New competition policy
- Biden’s new approach. The Biden Administration has signalled a new approach to competition policy in the US, potentially ending 40 years of neoliberal orthodoxy. Biden’s recent executive order taking 72 separate measures against anti-competitive practices by big businesses is being seen as the opening salvo in a larger plan to curb the power of monopolies in the US economy.
- ~~The appointment of Lina Kahn to head the FTC. The first sign of this new approach was the appointment of anti-trust lawyer Lina Khan to head the Federal Trade Commission (FTC), the US’s competition regulator. Khan became famous for writing (while still a student) an influential article on Amazon’s anti-competitive business practices and why the neoliberal approach to competition law (in the US called “anti-trust”) made the government powerless to curb them. The article called for a new approach, and since her appointment Khan has set about reforming the FTC accordingly.
- ~~The decline of neoliberalism? Since 1979 competition policy in the US - and the UK - has been based on the theory espoused by the free market Chicago School. This argued that the only test for competition should be consumer welfare, which in turn should be judged solely by the impact on consumer prices. Under this philosophy, significant anti-competitive practices have been ruled legal, and monopolies allowed to flourish. Khan and other scholars argue that market structure is critical, and the law should test its impact not just on consumers but on workers, producers, entrepreneurs and citizens. Economics blogger Noahpinion has summarised the new approach and explained recent academic scholarship analysing the various economic harms arising from corporate concentration.
- Berliners vote to take corporate landlords’ property into public ownership. A popular petition calling on Berlin’s City Government to force corporate landlords (with 3,000+ apartments each) to sell their properties to the state is set to be voted on in a local referendum in September. An article by the FT suggested that the case “could set precedent for other cities with high rents”. Economist Daniela Gabor explained how housing became an asset class in Berlin and other European cities.
- Green and inclusive housing policy. The Women’s Budget Group released Rethinking Housing Supply and Design, a policy paper calling for green housing plans that reverse gender inequalities and enshrine sustainable housing as a right rather than a financial asset. Recommendations include: returning land to local councils and community land trusts, including women in planning decisions and ensuring housing design is responsive to the needs of carers and diverse households. (Twitter thread summary)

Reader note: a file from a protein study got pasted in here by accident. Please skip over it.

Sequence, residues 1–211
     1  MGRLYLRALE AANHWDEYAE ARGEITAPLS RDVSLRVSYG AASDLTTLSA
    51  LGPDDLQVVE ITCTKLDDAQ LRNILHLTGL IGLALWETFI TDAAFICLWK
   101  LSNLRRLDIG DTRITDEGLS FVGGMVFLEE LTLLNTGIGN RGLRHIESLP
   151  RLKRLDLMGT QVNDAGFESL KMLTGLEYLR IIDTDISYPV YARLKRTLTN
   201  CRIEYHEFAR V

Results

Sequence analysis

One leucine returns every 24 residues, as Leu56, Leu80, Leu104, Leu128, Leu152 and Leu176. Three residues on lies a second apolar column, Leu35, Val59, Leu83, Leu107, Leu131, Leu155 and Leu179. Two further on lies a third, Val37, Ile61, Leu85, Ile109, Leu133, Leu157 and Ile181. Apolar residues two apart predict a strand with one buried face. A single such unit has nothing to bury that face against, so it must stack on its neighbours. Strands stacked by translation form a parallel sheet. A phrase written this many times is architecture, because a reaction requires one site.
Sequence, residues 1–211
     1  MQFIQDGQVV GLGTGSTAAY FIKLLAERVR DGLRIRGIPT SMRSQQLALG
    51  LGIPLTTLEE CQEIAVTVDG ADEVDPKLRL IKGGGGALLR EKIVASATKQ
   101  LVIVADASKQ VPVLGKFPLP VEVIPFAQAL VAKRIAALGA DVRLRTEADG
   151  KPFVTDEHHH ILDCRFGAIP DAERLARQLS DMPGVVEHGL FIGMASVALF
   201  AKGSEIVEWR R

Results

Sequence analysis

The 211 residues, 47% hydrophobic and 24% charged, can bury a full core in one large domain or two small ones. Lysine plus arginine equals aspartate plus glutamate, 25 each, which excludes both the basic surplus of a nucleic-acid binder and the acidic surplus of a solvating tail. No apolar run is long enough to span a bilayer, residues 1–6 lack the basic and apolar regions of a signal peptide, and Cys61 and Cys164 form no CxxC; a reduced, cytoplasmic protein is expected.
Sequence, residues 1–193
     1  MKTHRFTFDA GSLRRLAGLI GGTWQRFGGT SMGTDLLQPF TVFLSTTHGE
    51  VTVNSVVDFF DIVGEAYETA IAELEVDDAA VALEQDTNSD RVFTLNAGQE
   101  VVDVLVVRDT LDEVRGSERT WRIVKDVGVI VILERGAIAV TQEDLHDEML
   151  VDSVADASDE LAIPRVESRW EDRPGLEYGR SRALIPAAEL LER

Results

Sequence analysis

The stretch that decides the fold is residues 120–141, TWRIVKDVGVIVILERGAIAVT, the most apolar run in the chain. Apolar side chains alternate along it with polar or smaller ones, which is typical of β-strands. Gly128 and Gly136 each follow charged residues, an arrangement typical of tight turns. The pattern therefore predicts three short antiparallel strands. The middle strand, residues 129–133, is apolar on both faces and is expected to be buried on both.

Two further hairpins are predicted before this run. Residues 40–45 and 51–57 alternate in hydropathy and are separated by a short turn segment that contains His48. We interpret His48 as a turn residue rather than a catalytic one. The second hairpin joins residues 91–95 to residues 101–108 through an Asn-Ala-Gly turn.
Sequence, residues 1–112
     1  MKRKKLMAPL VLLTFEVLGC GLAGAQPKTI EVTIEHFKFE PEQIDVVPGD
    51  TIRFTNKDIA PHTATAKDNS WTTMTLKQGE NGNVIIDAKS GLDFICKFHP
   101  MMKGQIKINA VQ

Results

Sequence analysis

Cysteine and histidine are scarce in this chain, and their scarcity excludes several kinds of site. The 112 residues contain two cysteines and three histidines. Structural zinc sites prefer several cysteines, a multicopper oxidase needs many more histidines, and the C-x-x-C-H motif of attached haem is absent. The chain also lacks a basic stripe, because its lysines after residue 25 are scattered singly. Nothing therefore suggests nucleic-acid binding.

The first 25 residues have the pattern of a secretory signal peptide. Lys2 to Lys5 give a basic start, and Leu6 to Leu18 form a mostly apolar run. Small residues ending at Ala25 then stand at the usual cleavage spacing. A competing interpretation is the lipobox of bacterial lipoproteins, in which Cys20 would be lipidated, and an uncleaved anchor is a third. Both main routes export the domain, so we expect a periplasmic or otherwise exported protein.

- Beyond furlough. The TUC has called for a permanent short-time working scheme to continue to support incomes and limit job losses in times of economic crisis as a replacement to the Coronavirus Job Retention Scheme and Self Employed Income Support Scheme. (Guardian coverage and Twitter thread summary)
- ~~Build upon the successes. The TUC’s Kate Bell tweeted a thread pointing to evidence showing the “undoubted success” of the schemes in protecting jobs and incomes over the course of the pandemic, but called for them to be built upon to protect workers from future economic change, with an emphasis on training furloughed workers.
- Legal right to disconnect. Autonomy released a paper calling for a legal “right to disconnect” amid an “epidemic of hidden overtime”. The paper outlines the evidence base and international precedents for protection from unpaid overtime and its related negative effects, and provides the legislative wording of such a law if policymakers wanted to implement it. (Guardian coverage)
- How realistic is a four-day week? Frederick Harry Pitts published a critical take on the issues that may arise in trying to implement a four-day working week, concluding that “the four-day week may seem impractical in the short term. But with talk of ‘building back better’ and ‘levelling up’ backed up by a more interventionist industrial policy across the political spectrum, the medium-to-long term picture offers proponents some measure of hope”.
- The case for democratic public transport. Common Wealth released a briefing explaining why restoring a vibrant local economy and thriving high streets will require reshaping the ownership and operations of bus networks. Their paper explains the history and impacts of bus privatisation and deregulation on consumers and shareholders and calls for democratic public ownership to ensure all stakeholders benefit from public transport.
- ESG critique from the horse’s mouth. The FT’s Moral Money interviewed Tariq Fancy, BlackRock’s first global chief investment officer for sustainable investing turned whistleblower. Fancy argued that Environmental Social Governance (ESG) investing is a “dangerous placebo...There’s no evidence that [ESG investing] has done anything beyond - I would argue - burning time.”
- The role of public banks in responding to the Covid and climate crises. UCL IIPP’s Thomas Marois published a blog post looking at the role of public banks in the response to Covid-19. The author finds that banks with clear public purpose mandates were best able to respond to crises and argues that new public banks - such as the Scottish National Investment Bank and UK National Infrastructure Bank - “must be bent to the public, not private, interest” through “fierce democratisation”.
International cooperation and Covid-19
- US has legal powers to share vaccine IP. Public Citizen’s Zain Rizvi reviewed the US government's contract with Moderna and concluded that ”because Moderna learned how to commercially produce hundreds of millions of doses on the taxpayer’s dime, the government appears to have unlimited rights in the recipe for commercial-scale mRNA vaccine production.” (Twitter thread summary)